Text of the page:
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World Economic Report 1950–1951

image of World Economic Report 1950–1951

World Economic Report 1951-52 highlights the major domestic economic changes in economically developed private enterprise economies, centrally planned economies and selected countries of Latin America and the Far East. The Report also studies the changes in international trade and payments in several major economic powers. From 1950 to 1952, these took place in a context of continuing international disequilibrium.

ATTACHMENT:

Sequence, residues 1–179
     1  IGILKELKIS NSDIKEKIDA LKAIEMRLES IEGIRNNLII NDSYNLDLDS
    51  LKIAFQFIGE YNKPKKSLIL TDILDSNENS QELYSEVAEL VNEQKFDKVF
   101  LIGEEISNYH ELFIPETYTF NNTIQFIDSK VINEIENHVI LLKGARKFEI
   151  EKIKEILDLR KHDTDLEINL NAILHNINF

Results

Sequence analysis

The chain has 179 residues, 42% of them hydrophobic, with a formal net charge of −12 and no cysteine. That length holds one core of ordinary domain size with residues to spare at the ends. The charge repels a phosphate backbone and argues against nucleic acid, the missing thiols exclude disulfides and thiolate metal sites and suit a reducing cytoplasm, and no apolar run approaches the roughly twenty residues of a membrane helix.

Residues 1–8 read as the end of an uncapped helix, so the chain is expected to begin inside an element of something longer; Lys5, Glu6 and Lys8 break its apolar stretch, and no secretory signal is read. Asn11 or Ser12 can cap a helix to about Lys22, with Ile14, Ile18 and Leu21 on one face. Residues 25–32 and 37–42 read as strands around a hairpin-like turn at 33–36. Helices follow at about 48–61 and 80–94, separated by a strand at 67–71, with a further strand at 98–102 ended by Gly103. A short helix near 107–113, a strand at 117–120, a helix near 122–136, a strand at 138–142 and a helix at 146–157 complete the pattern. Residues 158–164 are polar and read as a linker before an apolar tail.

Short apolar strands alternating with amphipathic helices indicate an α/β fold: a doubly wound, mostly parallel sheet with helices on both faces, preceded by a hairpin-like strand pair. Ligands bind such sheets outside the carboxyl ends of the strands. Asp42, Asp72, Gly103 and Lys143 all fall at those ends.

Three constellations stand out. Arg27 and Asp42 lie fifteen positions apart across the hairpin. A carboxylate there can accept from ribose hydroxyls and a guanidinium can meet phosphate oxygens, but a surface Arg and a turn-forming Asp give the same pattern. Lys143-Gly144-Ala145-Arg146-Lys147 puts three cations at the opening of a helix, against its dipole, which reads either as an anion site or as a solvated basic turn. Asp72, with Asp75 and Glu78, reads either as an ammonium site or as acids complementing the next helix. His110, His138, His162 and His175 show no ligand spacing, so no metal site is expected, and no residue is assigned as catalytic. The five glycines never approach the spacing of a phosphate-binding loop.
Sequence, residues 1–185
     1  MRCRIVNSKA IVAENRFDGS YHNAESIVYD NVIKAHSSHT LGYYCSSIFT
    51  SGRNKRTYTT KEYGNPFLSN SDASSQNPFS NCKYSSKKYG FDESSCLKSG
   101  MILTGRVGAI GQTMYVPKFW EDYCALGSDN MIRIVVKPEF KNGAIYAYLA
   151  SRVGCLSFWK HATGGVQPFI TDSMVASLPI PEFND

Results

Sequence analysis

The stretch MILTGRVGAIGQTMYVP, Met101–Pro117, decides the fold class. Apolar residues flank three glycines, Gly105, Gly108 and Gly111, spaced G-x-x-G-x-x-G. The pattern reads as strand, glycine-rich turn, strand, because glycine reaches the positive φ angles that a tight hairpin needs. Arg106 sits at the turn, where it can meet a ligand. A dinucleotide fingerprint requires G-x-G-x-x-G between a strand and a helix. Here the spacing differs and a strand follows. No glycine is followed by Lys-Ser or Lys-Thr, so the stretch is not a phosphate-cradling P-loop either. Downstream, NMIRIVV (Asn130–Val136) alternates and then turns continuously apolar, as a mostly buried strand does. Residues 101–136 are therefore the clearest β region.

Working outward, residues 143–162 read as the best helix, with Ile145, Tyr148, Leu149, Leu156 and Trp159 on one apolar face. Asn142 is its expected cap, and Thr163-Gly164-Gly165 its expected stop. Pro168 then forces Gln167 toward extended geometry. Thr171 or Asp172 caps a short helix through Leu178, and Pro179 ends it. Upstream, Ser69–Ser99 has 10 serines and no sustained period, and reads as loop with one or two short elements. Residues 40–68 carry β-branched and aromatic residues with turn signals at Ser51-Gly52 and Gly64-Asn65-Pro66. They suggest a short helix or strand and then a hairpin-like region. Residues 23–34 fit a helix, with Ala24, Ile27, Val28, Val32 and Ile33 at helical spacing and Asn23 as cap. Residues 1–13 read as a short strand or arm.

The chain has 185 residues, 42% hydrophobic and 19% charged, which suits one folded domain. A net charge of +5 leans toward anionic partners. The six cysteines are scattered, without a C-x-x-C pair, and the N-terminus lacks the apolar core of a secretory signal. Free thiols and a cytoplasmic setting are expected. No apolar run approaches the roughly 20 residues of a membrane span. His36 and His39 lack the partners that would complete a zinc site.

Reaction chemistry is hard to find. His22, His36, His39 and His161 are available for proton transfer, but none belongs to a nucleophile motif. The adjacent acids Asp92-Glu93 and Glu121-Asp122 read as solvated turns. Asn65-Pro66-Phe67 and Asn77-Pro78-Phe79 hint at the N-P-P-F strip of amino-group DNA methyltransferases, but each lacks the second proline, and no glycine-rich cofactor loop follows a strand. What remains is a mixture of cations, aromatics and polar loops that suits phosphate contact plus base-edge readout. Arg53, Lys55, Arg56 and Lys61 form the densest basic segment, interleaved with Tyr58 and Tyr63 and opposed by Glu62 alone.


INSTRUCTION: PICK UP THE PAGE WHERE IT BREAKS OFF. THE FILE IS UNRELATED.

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Centrally planned economies

This chapter consists of two parts, the first dealing with the centrally planned economies of Bulgaria, Czechoslovakia, eastern Germany, Hungary, Poland, Romania, the Union of Soviet Socialist Republics and Yugoslavia, in eastern Europe; and the second dealing with centrally planned China. The first section of the part on eastern Europe discusses major current economic trends, while the second reviews economic plans and thus is concerned mainly with longer-run developments. The part dealing with the area under the administration of the Central People’s Government of the People’s Republic of China is also divided into two sections, of which the first summarizes major economic policies, and the second economic trends in 1950 and 1951.

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